Wednesday, April 3, 2013

C is for Core concepts

Yesterday, I talked about business needs. They are important, but to get a feel for the shape of an application, I find it helpful to distil the core concepts out of the mass of detail.

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Core concepts get to the heart of what is most important. It's essential to identify them because they will start shaping your solution very early on.

A good starting point is a high level data model. This highlights the most important things that the application deals with.

In an accounting application, for example, these might be accounts, transactions, and accounting periods. In a customer ordering system, core concepts might include customer, order, and inventory item.

At this point, you don't want to itemize every piece of data. The core concepts are the mountain peaks in the data landscape.

Another group of core concepts relate to function. What do you do with the things in your application? Again, you want to identify the really important things here, so maybe ask your business expert to describe in one sentence what is it the application does.

In a help desk system, the core of the system might be workflow - moving a call through different people's hands to fix an issue for the customer. A stock control system might revolve around movements in stock levels and forecasting future needs.

More subtle, and what people often overlook, are other qualities that might be important enough to affect your early architectural decisions. In a global application, maybe time zones, multi-lingual presentation and multi-currency accounting are important, whereas in an otherwise identical application for a local business these wouldn't matter. A booking system for a large airline or hotel chain might bring volume, performance, and high availability to the fore.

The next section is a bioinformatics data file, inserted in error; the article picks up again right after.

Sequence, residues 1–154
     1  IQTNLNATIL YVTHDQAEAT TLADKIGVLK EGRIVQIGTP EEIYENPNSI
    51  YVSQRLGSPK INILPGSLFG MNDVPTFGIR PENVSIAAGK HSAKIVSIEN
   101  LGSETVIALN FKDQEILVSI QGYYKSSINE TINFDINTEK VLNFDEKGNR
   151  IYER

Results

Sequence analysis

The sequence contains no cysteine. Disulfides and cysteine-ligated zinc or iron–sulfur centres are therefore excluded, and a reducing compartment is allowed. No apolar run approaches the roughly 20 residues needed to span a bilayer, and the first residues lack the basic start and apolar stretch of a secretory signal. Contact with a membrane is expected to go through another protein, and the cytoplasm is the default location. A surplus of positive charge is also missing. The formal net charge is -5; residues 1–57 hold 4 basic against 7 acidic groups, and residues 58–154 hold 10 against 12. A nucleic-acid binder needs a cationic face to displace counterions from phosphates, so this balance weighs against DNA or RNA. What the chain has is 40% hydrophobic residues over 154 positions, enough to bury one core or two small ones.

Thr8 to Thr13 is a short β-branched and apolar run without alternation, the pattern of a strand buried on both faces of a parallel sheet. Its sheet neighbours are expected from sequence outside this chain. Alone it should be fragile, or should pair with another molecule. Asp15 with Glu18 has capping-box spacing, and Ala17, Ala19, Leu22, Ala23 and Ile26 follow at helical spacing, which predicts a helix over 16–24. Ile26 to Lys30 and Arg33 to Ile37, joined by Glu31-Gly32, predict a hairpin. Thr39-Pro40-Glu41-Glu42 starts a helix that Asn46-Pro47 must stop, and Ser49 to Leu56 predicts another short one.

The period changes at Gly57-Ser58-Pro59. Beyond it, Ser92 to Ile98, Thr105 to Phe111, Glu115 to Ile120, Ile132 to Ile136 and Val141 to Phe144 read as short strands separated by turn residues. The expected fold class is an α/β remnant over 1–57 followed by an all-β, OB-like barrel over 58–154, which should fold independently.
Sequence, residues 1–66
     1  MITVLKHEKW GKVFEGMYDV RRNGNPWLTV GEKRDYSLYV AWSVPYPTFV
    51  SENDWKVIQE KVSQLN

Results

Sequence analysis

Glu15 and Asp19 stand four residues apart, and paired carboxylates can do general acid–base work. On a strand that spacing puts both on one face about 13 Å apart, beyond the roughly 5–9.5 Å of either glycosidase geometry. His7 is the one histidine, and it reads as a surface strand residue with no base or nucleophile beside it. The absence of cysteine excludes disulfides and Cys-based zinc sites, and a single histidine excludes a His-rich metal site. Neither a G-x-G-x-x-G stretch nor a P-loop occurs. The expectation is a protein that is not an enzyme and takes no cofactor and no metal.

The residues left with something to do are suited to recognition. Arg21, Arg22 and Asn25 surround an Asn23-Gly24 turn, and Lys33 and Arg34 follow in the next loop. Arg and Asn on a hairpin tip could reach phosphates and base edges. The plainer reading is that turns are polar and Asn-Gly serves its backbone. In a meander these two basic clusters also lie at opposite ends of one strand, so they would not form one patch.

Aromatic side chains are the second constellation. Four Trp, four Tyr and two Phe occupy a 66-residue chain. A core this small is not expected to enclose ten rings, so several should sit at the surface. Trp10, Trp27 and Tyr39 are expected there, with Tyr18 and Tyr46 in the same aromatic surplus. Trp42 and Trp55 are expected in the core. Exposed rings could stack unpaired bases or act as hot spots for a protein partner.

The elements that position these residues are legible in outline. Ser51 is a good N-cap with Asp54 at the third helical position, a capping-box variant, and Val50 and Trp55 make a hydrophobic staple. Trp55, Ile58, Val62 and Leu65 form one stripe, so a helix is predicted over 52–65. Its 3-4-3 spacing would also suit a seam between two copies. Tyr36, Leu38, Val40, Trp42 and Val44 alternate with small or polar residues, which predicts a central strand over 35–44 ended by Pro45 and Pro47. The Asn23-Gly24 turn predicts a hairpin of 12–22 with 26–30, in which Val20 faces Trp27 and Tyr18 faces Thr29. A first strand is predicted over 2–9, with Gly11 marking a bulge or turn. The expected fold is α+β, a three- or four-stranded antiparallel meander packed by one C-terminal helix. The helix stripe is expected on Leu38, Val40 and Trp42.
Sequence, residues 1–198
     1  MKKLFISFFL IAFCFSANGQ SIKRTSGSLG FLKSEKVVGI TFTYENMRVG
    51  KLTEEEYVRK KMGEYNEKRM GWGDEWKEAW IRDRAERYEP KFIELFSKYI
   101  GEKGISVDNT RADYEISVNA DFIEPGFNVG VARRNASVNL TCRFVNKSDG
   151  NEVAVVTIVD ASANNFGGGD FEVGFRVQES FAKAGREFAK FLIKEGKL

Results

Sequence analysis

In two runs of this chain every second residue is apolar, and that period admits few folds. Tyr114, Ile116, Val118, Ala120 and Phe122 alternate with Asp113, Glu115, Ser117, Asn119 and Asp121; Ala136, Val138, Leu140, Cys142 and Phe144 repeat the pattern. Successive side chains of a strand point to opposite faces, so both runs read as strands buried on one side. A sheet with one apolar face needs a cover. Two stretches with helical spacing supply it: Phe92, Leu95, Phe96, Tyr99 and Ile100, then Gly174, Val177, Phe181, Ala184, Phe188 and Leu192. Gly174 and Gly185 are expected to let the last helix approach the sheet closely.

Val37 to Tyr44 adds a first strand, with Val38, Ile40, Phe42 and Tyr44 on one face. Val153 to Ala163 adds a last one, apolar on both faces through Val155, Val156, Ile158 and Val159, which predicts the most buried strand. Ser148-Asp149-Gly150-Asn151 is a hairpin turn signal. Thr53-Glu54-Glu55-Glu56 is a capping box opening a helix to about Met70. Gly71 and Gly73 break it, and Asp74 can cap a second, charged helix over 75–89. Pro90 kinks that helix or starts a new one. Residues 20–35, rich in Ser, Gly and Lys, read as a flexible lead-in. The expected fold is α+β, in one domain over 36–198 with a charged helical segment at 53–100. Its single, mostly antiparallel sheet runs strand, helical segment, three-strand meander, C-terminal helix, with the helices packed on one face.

Core concepts may also arise from design choices. For example, security and privacy might be a primary business requirement. In response to this, you might decide that all data requests will go through an information access layer that enforces security policy. This design choice isn't a business requirement, but it is a crucial design concept that will fundamentally affect how the application is built.

So, picking out a handful of core concepts helps visualize what is most important, and helps de-clutter an unmanageable mass of information. You can then build the rest of your design around these concepts.

6 comments:

  1. Great tips. I can't help relating everything to writing. Ie get the plot and character development down then worry about fiddly editing. Thanks!

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  2. Sounds like concepts you can use to apply to a good many things...not just writing programmes.

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  3. You have a gift for writing in layman's terms. :-) I'm so tech challenged, but I understood what you wrote. :-)

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  4. I'm reminded of Rise of the Guardians. So, what's your center? My answer would be "cheese". Hm. How would you structure everything around that?

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  5. It strikes me that core concepts are important to so many fields, not only software development. Any creative or business endeavor really. Like, "What is the core concept of my next novel?" Similar to, but not the same as "high concept."
    Interesting theme.
    Fellow A-to-Zer, Jagoda at http://www.conflicttango.com

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  6. Nick, Delores, it's strange how people keep relating these posts to other things (mostly writing). It's true, though I think some later posts might become a bit of a stretch.

    Teresa, that's music to my ears. I like trying to explain things in non-tech speak.

    Crystal, that is so spooky, we watched that movie as a family on Monday. Hmmm...you don't need to structure anything around cheese, leave it out long enough and things will start to structure themselves :)

    Jagoda, I guess the closest in writing terms would be coming up with the synopsis. That has to distil out the core concepts of the novel. The difference is, most writers do that after they've written it.

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